Rick Zieger - November 6, 2011

It is very hot out. The whole Midwest is being hit by this heat wave. As I write this it has hit the North East also. Seems that you can hook a fish and have it poached when you get into you hand or net. That means that it is early in the day fishing. Temperatures are in the high 70's as I head out, but that's better than being 95 or more.

It has been dry long enough that the canoe is on the truck. With the canoe I'm headed to one of my favorite ponds. It's the first time I will be into this pond this year. I like this pond so much that even if I don't catch a single fish it will still be a fun day. It is a special place to me, and I hope you have a few of those places in your life. Being there recharges me much more than many other places do.

I get in to the pond and unload the canoe, and I put the anchors and all the other stuff in the canoe. I have four rods with me. I have a Goldie Jr., black Furl tailed leech, a soft hackle experiment, and a popper-midge dropper setup.

When I get near the edge of the pond I make a cast. The fly has barely moved and I see a crappie roll on it. I hook the fish, but lose it. I try five more times and get one crappie landed. Not great odds, but a lot of fun.

I cut this short and get in the canoe. I wanted to fish from the canoe and not the shore. The canoe may spook fish, but sometimes things are done that don't make a lot of sense, but make the fisherman happier. I did see that many fish were spooked as the canoe got into the water.

The fish seemed to be shallow in the water column. Anything within about 20 feet of the canoe would swirl and be gone. I stayed near the shore and went to the center of the dam. I let the breeze blow me out from the shore and very gently let the anchor down the rest of the way. It was already in the water so the splash would not scare any fish.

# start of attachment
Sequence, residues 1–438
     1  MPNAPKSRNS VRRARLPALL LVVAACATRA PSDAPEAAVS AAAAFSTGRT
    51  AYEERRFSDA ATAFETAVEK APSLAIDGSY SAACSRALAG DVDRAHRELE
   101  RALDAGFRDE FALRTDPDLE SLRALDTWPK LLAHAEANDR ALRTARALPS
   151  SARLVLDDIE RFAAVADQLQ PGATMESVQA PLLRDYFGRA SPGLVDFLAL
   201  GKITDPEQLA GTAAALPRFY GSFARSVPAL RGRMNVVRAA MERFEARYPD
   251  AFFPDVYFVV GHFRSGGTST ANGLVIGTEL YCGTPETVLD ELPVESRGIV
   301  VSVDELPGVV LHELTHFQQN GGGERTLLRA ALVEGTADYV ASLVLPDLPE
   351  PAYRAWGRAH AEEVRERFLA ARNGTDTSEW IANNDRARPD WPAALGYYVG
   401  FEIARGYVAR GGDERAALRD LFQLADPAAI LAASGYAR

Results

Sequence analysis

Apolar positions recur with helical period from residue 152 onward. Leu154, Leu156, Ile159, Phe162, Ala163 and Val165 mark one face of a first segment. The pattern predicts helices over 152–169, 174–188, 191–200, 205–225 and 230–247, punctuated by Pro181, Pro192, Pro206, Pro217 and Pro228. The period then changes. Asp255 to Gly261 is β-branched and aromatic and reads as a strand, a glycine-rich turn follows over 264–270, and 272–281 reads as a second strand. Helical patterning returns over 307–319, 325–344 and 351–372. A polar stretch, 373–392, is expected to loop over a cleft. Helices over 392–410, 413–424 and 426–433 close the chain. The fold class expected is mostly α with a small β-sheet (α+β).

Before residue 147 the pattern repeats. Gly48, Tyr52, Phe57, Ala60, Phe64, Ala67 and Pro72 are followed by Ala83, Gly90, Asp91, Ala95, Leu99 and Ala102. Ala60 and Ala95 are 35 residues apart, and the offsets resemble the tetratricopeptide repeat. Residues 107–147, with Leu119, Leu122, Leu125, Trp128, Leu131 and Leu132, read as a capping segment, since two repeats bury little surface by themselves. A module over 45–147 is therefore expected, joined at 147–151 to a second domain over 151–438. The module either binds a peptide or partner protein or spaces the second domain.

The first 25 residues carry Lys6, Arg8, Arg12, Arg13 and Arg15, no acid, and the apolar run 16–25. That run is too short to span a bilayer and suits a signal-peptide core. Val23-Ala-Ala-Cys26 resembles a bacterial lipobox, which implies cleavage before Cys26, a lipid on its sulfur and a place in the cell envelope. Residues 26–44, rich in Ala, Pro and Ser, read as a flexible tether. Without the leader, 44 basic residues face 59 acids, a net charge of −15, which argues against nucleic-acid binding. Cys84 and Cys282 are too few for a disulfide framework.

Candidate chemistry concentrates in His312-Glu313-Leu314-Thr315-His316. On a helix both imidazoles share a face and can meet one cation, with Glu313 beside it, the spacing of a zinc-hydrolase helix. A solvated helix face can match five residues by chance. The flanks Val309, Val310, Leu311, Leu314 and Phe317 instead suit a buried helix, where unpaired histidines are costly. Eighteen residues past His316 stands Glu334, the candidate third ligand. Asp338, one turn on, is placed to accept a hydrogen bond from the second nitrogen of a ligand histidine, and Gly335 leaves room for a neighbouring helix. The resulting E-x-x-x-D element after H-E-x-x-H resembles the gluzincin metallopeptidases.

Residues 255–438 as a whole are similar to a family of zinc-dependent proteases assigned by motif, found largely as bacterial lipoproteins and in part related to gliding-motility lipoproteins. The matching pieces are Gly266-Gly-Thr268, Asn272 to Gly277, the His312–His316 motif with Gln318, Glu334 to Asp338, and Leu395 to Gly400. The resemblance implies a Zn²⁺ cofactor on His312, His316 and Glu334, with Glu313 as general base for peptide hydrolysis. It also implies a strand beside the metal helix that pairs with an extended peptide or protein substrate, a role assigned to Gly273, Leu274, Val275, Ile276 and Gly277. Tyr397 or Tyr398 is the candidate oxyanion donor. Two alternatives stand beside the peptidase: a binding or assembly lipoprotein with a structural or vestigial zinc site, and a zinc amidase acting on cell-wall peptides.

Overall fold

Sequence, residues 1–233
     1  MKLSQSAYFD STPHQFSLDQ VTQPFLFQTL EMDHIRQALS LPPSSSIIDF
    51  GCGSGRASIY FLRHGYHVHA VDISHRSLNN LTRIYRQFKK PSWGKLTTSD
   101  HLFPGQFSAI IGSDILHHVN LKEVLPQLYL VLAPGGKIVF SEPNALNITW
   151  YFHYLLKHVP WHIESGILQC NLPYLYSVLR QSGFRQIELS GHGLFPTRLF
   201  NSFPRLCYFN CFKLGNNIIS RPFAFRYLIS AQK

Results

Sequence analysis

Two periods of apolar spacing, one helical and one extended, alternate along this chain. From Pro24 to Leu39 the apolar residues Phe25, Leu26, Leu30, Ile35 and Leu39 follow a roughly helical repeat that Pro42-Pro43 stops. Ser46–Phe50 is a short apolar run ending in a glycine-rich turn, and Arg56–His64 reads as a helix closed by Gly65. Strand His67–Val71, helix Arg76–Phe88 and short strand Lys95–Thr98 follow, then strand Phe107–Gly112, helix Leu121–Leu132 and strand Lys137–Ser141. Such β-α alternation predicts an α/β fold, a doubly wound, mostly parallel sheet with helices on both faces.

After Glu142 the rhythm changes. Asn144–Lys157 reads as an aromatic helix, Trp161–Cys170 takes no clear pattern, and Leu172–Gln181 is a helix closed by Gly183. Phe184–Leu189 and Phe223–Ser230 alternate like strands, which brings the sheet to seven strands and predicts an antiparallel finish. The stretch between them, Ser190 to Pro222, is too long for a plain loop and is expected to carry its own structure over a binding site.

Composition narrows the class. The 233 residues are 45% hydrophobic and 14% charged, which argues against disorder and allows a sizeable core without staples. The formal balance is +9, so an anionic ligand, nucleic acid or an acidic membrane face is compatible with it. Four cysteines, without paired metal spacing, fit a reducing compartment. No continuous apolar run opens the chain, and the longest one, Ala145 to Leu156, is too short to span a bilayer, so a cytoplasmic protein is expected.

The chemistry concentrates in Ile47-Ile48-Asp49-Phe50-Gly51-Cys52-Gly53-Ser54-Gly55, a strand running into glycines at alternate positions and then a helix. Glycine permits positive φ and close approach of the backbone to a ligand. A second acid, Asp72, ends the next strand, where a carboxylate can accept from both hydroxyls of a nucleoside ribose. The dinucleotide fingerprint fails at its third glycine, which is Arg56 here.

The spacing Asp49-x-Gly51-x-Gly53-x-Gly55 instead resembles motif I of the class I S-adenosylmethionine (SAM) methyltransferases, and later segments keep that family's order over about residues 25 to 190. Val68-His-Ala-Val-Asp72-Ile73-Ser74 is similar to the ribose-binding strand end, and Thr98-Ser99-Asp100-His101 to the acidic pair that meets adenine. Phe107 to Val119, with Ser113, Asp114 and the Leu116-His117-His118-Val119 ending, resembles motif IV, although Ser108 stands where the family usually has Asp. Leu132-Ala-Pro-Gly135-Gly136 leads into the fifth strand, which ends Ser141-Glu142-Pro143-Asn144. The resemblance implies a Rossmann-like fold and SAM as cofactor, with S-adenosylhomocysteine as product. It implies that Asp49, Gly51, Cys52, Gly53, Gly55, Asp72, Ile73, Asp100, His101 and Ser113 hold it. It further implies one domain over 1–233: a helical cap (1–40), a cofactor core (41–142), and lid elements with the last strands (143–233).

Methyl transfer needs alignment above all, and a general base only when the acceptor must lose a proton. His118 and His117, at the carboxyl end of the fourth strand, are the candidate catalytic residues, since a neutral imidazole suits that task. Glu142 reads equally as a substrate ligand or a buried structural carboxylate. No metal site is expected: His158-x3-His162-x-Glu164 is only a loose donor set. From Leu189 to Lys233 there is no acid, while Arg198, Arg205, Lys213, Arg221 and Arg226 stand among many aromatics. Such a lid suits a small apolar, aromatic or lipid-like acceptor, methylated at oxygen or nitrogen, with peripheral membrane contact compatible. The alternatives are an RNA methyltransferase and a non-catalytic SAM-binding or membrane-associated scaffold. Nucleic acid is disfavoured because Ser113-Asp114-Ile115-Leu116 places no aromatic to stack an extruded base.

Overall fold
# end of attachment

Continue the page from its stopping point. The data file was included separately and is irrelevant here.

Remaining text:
The water is about 12 feet deep in the whole area that my casting ability will cover. I cast the fly out and let the fly drop a little and then started to retrieve it. It had not moved far when a fish took it. This fish was hooked solidly and got a nice crappie into the net. I did not take a chance and try to swing it into the canoe. I did notice a few other fish swim with this one as it came in. Cast out near the same place and stated another retrieve, and I had a fish hit the fly, but it was off quickly. The fly moved a couple of feet and I had another fish for a couple of seconds. This happen five times as the fly came in. When the fly was close I could see a crappie roll on the fly. I watched it tear out of the side of the mouth of the crappie. You can't catch what you don't hook.

I decided to try another fly and see if it would work better. The fish hit it the same, and got off most of the time the same way. I did see one fish come up behind the fly and get hooked well enough that I could get it into the net. If the fish rolled then it got off, if it came up behind the fly I landed the fish.

I tried a faster retrieve but this did not help my catch rate. I was hooking fish on any fly that I tried so it was not a good day to try experimental flies, as the fish were taking everything.

I ran out of water, and decided to head home before I got into any heat problems. Even with the fish still biting it is not wise to court health problems.

I got home and was surprised at the number of fish that I had; 34 gills and 43 crappie. I caught less than one of four fish that I hooked but it was a fun day. I checked the stomachs of the fish and there was not much in any of them. My guess is that there has been so much rain early in the year that the water was to muddy to get plant growth and insect activity. I did not hook weeds in this pond as I normally do, and I did not see any insect activity.

All and all I had a ball being on this pond and a big batch of fillets to share.

Hope you can get out on the water.



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